The Greensboro News & Record tells it like it is this morning in a polite but firm editorial regarding the controversial House bill to further liberalize North Carolina gun laws. The editorial is entitled “Doctors and guns” and it rightfully labels the proposal to gag doctors who would ask their patients about firearms in their homes an unconstitutional abridgment of the First Amendment:
“Health and safety are their business. A patient can exhibit signs indicating a risk for suicide or aggression without explicitly expressing a desire to harm himself or others. While the bill does not directly prohibit doctors from asking about a patient’s access to guns, it prevents them from informing police. Imagine a psychiatrist examining someone like Seung-Hui Cho, the 2007 Virginia Tech mass-murderer, finding him in a troubled state of mind, learning he has firearms, but being barred from telling police because of Cho’s right to ‘firearms privacy.’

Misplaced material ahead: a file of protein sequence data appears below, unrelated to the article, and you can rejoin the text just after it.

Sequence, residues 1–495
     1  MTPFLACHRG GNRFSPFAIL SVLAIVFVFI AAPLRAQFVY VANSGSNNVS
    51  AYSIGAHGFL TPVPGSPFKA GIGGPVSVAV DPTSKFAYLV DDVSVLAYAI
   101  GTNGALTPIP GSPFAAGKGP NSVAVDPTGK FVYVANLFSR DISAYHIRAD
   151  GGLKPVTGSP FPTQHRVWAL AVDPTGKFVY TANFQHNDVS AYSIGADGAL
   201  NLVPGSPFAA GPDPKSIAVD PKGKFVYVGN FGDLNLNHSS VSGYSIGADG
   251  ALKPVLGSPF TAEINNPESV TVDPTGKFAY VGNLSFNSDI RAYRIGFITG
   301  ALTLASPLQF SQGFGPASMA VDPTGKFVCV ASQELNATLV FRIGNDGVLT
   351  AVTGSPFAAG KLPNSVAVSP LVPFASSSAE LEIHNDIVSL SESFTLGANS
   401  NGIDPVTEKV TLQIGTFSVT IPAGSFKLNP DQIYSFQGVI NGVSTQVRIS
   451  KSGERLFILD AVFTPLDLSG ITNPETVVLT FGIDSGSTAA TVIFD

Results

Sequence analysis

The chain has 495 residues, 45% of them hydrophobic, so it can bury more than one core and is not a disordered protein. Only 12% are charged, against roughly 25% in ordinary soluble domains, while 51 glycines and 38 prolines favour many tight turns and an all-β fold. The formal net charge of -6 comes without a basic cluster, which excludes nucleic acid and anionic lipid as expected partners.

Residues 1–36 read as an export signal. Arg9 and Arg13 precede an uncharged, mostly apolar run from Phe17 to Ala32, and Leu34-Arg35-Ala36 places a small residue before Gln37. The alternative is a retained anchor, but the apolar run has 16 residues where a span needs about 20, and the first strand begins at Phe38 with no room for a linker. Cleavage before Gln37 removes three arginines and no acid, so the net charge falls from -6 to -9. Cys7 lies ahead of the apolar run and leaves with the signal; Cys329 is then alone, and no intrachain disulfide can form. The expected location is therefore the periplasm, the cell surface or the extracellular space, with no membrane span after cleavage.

Because of physicians’ free-speech rights, this measure should not survive a legal challenge. But it demonstrates how completely many state legislators have surrendered to the gun mania afflicting the country.”
The editorial concludes this way:
“The bill has other unsound provisions. It would:
• Weaken criminal background checks.
• Further restrict the ability of local governments to regulate gun sales.
• Clarify that concealed carry permit holders could keep firearms inside their vehicles on private property, even if the property owners otherwise prohibit firearms on their premises.
• Prohibit a local government that enacts a noise ordinance from applying the ordinance to an existing shooting range.
In the last four years, North Carolina already has enacted many permissive gun laws. There haven’t been terrible consequences as a result, but further loosening of laws is unwarranted.
Guns are a part of our culture, for better and for worse. Gun ownership has never been threatened in North Carolina. But guns are dangerous in the wrong hands. Physicians can help determine whose hands.”